Do you want students who
- attend class more regularly?
- are more engaged with class material?
- learn concepts more deeply?
- retain what they learn longer?
Then get interactive!
A growing body of research shows that more interactive instructional approaches can improve student learning, attendance and engagement, relative to traditional lectures (e.g., Deslauriers, et al, 2011, Hake, 1998). These methods include simple, quick interventions like asking students to discuss a question briefly with a neighbor (think-pair-share) or using a popular song to get students thinking about how a topic applies outside the classroom, to more complex activities like small-group debates or having students engage in a double-oral auction market.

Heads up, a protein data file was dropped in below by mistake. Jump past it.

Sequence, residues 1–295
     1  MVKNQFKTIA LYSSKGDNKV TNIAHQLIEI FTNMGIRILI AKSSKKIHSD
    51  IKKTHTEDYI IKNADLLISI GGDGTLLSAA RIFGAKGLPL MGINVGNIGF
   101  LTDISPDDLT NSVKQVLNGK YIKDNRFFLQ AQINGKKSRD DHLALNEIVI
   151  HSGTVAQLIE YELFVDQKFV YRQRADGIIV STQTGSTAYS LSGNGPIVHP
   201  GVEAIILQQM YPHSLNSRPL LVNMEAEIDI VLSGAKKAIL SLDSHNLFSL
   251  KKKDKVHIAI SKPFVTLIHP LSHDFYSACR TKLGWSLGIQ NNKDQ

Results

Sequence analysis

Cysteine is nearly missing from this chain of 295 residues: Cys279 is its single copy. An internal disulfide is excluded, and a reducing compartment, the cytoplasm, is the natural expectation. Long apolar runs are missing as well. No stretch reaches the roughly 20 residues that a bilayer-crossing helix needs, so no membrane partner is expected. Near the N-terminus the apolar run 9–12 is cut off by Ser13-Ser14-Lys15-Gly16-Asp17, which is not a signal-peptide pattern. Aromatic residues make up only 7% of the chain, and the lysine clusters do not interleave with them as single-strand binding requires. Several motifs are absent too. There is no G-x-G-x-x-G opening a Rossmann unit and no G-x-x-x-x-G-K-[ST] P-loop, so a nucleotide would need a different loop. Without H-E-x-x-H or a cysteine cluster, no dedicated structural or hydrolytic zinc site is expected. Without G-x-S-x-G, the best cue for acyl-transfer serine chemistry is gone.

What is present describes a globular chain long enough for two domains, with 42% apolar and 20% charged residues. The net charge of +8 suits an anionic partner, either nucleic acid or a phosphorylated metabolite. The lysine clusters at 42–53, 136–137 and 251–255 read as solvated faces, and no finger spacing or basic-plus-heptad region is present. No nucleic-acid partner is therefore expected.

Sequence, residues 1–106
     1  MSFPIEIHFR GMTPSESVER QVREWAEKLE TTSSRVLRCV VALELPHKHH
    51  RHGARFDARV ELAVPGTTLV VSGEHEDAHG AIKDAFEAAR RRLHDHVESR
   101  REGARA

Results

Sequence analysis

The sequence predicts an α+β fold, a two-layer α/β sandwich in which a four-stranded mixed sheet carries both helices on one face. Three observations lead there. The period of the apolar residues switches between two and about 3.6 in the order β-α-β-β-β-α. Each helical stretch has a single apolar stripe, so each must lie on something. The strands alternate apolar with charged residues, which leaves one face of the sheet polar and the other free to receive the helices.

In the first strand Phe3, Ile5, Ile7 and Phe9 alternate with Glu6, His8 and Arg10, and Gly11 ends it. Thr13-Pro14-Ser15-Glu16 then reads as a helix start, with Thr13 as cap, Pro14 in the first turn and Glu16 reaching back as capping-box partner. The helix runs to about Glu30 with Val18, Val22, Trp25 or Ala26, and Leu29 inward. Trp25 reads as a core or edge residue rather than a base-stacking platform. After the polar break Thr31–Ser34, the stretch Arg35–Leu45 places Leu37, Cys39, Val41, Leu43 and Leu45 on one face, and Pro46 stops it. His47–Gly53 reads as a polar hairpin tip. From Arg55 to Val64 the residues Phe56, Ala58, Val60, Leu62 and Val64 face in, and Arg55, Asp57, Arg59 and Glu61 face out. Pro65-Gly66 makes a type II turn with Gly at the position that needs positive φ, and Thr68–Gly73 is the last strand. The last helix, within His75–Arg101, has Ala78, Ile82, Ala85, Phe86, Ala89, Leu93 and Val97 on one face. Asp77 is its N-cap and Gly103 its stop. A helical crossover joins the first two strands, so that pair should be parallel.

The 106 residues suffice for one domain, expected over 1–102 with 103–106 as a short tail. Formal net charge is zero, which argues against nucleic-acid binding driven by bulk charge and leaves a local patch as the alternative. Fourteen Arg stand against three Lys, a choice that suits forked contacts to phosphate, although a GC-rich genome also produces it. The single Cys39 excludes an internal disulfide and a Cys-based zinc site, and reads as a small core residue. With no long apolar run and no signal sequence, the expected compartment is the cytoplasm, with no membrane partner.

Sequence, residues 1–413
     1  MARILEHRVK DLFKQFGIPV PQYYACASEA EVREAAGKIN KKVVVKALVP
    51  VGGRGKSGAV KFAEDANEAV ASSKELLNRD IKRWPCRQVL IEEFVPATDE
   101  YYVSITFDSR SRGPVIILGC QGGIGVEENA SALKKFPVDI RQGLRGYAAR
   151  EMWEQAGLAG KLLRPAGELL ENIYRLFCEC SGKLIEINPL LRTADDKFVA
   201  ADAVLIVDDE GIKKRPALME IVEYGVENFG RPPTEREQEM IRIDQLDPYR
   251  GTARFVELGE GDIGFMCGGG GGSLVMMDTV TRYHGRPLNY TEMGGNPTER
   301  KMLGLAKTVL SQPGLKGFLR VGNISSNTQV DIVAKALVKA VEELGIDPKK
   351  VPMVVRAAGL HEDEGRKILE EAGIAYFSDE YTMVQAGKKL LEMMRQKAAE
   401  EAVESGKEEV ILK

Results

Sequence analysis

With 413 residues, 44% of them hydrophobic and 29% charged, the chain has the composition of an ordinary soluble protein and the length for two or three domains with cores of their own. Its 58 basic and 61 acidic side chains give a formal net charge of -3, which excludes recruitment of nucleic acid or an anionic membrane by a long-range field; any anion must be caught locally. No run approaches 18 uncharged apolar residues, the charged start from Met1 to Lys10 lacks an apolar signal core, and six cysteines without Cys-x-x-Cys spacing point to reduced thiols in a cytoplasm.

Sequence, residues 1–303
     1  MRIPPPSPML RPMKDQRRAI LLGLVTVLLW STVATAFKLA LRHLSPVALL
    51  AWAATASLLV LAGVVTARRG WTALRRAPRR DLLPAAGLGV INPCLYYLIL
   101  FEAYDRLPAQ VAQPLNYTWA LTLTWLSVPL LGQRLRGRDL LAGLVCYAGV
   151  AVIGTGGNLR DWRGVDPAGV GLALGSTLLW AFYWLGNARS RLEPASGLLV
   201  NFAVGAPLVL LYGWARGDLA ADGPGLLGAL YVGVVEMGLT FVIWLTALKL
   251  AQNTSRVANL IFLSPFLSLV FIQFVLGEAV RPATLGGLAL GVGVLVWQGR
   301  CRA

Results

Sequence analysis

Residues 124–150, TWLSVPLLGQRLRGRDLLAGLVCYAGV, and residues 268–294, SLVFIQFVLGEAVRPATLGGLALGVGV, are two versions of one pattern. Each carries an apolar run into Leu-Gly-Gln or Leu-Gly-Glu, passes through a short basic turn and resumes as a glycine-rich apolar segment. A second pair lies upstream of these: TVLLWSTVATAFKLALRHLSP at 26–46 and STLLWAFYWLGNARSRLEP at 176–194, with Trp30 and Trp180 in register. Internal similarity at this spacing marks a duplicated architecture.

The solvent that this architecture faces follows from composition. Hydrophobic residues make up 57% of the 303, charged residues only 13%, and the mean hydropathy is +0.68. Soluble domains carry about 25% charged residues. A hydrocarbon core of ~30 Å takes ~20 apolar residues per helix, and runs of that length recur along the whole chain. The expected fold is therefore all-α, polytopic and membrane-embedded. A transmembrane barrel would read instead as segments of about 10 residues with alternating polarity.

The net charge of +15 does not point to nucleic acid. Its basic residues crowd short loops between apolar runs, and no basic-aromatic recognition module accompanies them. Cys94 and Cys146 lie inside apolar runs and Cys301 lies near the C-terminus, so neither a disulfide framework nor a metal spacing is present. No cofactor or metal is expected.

“Flipping” the classroom
For instructors who wish to adopt more active techniques in the classroom, one challenge can be finding the time – active approaches typically take more time than lectures to ‘cover’ the same material. One way to free up class time is to move some material outside of class. This approach is often called ‘flipping’ the classroom, because instead of lecturing on basic material in class and having students work through problems and applications as homework after class, this process is ‘flipped’ so students acquire basic material as homework before class and then work on applying and synthesizing that material in class. For more information about flipping, the following resources are a good place to start:
popular song to get students thinking about how a topic applies outside the classroom, to more complex activities like small-group debates or having students engage in a double-oral auction market.
What do I DO?
Another challenge for those new to interactive learning is figuring out what to do instead of lecture. Fortunately, you’re in the right place! Providing ideas for in-class activities is the purpose of this site – just click on Resources by Topic to get started.